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Fort Bend County, At Large
By Cheryl Skinner

This column expresses the personal opinions/views of the writer. If you would like to express your opinions/views regarding the column, write a SIGNED letter to the editor. Name can be withheld by request with a valid day time phone number.

Rosenberg Police Chief says identification has nothing to do with legality of aliens

Rosenberg Police Chief Robert Gracia says he has been getting some calls from concerned citizens since the city agreed to accept the Matriculas Identification card for Mexican Nationals driving through or living in the city.

Some people think by voting to accept the card as a valid form of ID, the city is condoning or perhaps encouraging the proliferation of illegal aliens in the community. Gracia says that is not the case. Accepting the identification is “nothing more than recognizing a valid form of identification just like a Texas driver’s license is recognized by Mexico. It has nothing to do with their legal status,” Gracia said.

In actuality, accepting the card will probably help police. In a recent meeting, the Consulate of Mexico office in Houston, said the idea of accepting the card was proposed by Mexican Consul General Carlos Gonzales. Gonzales explained that anyone applying for the card has to present a birth certificate and another form of identification and a background check is performed as well. This will help officers investigating a person for a crime or helping to locate relatives if a person carrying one of these cards is involved in an accident or is the victim of a serious crime.

So, now I have explained what Chief Gracia feels the public needs to know. I hope this helps.

American Idol tryouts?

I thought the nationally syndicated American Idol competition was being held at the Fort Bend County courthouse last week. Having just returned from the Extreme Home Makeover shoot in East Bernard, I heard there was a lot of singing going on at the Travis Building in Richmond.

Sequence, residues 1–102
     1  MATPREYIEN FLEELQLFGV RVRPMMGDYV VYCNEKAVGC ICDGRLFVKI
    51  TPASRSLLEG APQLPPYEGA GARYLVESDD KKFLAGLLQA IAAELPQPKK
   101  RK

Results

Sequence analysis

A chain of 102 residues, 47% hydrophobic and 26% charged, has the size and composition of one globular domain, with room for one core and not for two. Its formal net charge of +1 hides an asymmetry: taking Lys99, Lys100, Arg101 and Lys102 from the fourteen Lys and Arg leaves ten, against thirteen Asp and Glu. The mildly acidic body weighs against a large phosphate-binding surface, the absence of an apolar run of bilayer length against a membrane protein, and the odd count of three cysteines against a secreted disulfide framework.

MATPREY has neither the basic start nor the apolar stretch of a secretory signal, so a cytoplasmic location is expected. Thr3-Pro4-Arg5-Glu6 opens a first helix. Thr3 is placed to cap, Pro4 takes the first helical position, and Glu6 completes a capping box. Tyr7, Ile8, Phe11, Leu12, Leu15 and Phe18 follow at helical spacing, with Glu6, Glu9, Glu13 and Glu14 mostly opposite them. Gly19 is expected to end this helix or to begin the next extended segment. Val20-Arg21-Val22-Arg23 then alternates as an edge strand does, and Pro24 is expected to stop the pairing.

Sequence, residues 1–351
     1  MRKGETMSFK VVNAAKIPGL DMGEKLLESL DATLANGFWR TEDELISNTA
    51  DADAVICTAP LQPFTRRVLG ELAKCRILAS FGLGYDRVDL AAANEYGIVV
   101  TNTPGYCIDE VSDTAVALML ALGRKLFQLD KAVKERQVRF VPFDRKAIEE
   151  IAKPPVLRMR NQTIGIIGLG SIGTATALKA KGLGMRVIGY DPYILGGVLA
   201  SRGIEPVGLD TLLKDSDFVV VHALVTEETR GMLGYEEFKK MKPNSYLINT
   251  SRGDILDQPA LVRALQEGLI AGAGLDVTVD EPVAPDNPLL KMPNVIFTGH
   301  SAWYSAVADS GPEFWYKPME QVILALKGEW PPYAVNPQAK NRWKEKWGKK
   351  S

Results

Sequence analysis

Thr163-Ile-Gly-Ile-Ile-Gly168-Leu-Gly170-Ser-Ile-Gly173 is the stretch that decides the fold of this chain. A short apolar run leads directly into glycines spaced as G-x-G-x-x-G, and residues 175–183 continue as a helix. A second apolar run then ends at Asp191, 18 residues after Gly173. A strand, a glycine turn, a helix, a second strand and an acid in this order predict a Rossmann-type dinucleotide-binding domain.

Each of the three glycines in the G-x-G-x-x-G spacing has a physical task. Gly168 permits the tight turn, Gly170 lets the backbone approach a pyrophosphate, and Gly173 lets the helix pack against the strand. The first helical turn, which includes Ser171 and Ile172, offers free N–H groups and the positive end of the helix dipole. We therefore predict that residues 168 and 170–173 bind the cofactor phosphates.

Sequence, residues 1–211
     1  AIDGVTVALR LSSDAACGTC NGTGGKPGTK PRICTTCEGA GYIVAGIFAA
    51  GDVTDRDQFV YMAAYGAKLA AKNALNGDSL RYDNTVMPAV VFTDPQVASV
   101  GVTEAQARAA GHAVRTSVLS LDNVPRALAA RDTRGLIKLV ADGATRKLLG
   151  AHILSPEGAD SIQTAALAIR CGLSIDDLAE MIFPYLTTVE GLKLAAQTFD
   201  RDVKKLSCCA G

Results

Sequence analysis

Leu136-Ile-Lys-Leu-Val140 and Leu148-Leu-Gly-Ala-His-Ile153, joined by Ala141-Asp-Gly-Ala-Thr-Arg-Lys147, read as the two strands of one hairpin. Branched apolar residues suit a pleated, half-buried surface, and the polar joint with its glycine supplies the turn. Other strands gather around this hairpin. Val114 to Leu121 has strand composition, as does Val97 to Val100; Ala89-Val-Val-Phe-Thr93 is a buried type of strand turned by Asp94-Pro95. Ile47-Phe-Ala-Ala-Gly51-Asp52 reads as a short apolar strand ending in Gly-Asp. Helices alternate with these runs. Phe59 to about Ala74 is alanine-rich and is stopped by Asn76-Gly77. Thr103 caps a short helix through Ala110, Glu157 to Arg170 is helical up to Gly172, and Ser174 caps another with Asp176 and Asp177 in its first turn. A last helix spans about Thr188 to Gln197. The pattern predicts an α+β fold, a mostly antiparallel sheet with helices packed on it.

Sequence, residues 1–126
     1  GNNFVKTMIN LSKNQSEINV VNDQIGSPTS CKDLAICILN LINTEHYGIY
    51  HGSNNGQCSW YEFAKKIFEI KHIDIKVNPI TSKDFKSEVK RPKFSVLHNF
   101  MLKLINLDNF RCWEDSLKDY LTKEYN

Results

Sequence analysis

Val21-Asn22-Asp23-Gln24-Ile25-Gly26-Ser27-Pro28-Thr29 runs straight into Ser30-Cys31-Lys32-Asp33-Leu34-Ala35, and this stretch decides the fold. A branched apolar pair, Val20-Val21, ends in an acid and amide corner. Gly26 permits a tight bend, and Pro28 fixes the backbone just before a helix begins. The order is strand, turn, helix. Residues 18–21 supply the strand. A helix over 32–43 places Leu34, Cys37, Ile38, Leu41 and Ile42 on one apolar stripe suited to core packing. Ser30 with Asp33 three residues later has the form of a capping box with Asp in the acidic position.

When this whole fiasco with district clerk Glory Hopkins started, I got a few calls about the situation from some of the county officials, who will go unnamed for obvious reasons. One of those contacts said a certain element among the courthouse bunch was singing because Hopkins’ name wasn’t going to be on the ballot. Being the realist that I am, I jokingly said that it wasn’t over until “the fat lady sings” knowing full well a legal battle would be forthcoming. Well, it was and Hopkins played out her cards in the court system.

When the first denial of Hopkins’ writ of mandamus was publicized, the courthouse was silent. When the second denial was publicized, the same people said they were now “humming softly.” Well, last week when the Texas Supreme Court declined to hear the case, in essence denying Hopkins’ final appeal, there was noise, lots of noise coming from the courthouse. I asked if the American Idol tryouts were being held there and one of my many “sources” said “No, we are singing. We are singing off key joyfully and loudly.”

I’ve always said politics, politicians and the political “beat” were entertaining. I guess this proves it.

A pat on the back for Andy Meyers

I have to hand it to Precinct 3 Commissioner Andy Meyers. He did what was unpopular but obviously has some merit. Now I’m not saying Andy will make a lot of friends over his latest research, but he did take the time and effort to look into the Public Disclosure law and now it appears not only will the county judge, four commissioners and the county purchasing agent be required to fill out paperwork disclosing any financial ties to county vendors, but so will the rest of the elected officials in the county.

That is, if the powers that be in the courthouse determine that the law was meant for everyone, no matter how convoluted, complicated and nonsensical it is.

Andy says he does not agree with the way the law was written and the requirements associated with it, especially pertaining to the vendors having to report any relative of an elected official in their employ, but he still believes that everyone should follow the law. I applaud him for researching the law and bringing it back to court even though I am sure he anticipated a flogging by other elected officials. He is really ruining that warm and fuzzy image he has worked so hard to create!


Contact skinnerc1@ev1.net, if you would like to express your opinions/views regarding the column. Write a SIGNED letter to the editor with valid day time phone number--name can be withheld by request.

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   Last Update:  September 07, 2006